But pilots at uncontrolled airports are not required to have a radio or to use one. Pilots are expected to look carefully to make sure the airspace is free of other aircraft as they prepare to take off or land.

On Wednesday, “The helicopter apparently drifted over the runway,” Airport Manager Will Morte said. “Normally they go toward the river.”

“He got too close to the runway,” Plascencia said of the copter pilot. “They didn’t see each other until the last moment.”

The Pitts is a small, fast aircraft that is favored for aerobatic flying and air-show performances. But sources familiar with the plane say visibility is limited at ground level because the plane sits with its tail low, and the engine cowling blocks the view ahead. Typically, the pilot must zigzag down the taxiway, alternately looking out one side and then the other.

Trimble said Douglas was in Santa Paula to confer with a local woman about a book. “After this they’ll definitely have something to write about,” Trimble said.

The picturesque downtown area of Santa Paula, a town of 25,000, has become a popular place for filming movies and television shows, and its airport has become a haven for celebrities eager to get away from crowded landing fields in Los Angeles, including actors Gene Hackman and Cliff Robertson.

Steve McQueen, who lived in the city for three years before his death, “used to call Santa Paula Airport ‘my kind of country club,’ ” said Doug Dullenkopf, owner of Screaming Eagle Aircraft Sales at the airport.

But Dullenkopf said he had never seen Kirk Douglas at the airport.

Douglas is well-known for playing robust heroes such as the Roman slave in 1960’s “Spartacus.” His physical characteristics, including a cleft chin, razor-sharp cheekbones and jutting jaw, led to roles as Viking, cowboy, lover, fighter, artist and gladiator.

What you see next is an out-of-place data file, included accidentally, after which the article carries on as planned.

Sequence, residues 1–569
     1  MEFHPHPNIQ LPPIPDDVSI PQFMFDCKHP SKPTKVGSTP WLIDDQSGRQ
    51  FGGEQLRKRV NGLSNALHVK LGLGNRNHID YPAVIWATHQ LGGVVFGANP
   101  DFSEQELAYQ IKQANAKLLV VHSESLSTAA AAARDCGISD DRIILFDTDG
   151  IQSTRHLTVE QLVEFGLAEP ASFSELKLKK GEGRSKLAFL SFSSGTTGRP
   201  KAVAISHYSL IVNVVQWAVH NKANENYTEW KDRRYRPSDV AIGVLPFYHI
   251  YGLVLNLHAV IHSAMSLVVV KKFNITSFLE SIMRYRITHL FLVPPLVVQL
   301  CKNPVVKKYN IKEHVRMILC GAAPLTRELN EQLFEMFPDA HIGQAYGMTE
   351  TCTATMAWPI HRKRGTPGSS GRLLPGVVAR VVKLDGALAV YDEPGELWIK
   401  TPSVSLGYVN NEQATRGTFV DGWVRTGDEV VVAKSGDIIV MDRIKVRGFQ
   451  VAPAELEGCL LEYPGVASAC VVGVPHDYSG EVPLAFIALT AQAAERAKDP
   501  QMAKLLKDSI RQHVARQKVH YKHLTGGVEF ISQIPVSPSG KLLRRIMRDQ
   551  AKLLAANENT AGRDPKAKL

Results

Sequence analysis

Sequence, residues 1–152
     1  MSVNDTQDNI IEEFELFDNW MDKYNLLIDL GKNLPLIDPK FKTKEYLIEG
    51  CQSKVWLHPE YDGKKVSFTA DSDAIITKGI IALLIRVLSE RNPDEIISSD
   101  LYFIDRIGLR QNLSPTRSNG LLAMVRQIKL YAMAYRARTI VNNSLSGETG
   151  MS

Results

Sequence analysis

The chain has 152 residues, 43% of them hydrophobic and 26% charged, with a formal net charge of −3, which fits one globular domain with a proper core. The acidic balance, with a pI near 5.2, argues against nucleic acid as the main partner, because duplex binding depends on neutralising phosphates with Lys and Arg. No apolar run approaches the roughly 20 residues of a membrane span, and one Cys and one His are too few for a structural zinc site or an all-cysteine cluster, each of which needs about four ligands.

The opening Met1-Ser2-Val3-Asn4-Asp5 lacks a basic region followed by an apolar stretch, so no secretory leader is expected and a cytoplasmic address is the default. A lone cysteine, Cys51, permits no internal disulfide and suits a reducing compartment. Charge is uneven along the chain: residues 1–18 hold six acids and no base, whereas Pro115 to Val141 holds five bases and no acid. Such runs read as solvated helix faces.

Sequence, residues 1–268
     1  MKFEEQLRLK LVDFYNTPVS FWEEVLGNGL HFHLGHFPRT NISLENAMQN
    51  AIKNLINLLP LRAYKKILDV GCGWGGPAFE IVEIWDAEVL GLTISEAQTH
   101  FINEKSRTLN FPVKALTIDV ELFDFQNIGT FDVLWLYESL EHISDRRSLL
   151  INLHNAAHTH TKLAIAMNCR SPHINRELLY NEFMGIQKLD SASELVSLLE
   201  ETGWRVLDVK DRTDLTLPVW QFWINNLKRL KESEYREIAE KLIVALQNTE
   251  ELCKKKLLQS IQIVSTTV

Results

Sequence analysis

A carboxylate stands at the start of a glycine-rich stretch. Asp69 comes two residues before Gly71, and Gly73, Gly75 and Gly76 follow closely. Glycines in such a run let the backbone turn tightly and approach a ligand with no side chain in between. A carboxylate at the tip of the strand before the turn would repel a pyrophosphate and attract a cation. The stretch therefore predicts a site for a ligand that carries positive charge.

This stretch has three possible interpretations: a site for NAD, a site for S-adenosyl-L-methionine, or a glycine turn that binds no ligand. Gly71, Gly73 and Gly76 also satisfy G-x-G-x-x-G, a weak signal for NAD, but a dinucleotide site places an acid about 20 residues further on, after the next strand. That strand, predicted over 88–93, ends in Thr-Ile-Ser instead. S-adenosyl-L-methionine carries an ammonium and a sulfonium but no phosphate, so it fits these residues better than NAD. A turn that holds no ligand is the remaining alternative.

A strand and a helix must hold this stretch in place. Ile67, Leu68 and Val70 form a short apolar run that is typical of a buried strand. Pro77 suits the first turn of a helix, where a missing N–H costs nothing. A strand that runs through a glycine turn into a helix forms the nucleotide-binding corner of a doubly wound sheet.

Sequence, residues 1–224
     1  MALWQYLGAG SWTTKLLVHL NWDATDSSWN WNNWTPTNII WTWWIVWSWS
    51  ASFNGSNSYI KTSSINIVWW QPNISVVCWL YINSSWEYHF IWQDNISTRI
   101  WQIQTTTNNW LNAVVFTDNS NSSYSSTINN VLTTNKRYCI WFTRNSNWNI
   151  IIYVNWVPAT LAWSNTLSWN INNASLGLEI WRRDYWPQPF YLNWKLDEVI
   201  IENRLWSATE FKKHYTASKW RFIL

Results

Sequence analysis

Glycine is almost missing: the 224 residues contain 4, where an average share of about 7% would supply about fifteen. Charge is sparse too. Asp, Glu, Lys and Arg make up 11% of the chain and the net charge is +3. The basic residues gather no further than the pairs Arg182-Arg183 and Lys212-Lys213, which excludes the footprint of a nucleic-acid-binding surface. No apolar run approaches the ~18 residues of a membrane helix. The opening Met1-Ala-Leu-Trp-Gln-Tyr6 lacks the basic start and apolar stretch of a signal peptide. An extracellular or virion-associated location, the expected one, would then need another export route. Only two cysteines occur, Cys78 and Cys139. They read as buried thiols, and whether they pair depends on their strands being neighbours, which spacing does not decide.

Among Douglas’ more than 70 films are “A Letter to Three Wives,” “Ulysses,” “In Harm’s Way,” “Seven Days in May,” “The Bad and the Beautiful,” “Lonely Are The Brave,” “The Arrangement,” “The Fury” and “Paths of Glory.”

He is scheduled to be honored next month by the American Film Institute, which has awarded him its “Lifetime Achievement Award” for 1991.

About 7:30 p.m. Wednesday, Douglas was wheeled to a helicopter that would transport him to Cedars-Sinai. The actor sat upright, aided by his son Peter. “He’s fine,” Peter Douglas said. “He’s lucky to be alive.”

Noel Blanc is the cartoon voice of some of the “Looney Tunes” characters created by his father, including Sylvester the cat and Tweetie. Dan Vinokur, a friend of Blanc and fellow aviator, said Blanc is “an extremely capable pilot.”

Manelski, the plane’s pilot, was described by Dullenkopf as a “very safe pilot. He was not a hot-dog pilot or a showoff.”

A pilot since 1962, Manelski was a first officer with Trans World Airlines and a member of the U.S. aerobatic flight team. He had planned to journey to the Soviet Union soon to fly with a Russian team.

In an interview with The Times, last year, Manelski said he flew about 25 days a month. “Flying is almost like a fix,” he said. “I have to have it.”

This story was written by Gorman, based on reporting by Times staff writers O’Donnell, Vivian Louie, Psyche Pascual, Richard O’Reilly and Tina Daunt and correspondents Christopher Pummer and Sharon Bernstein.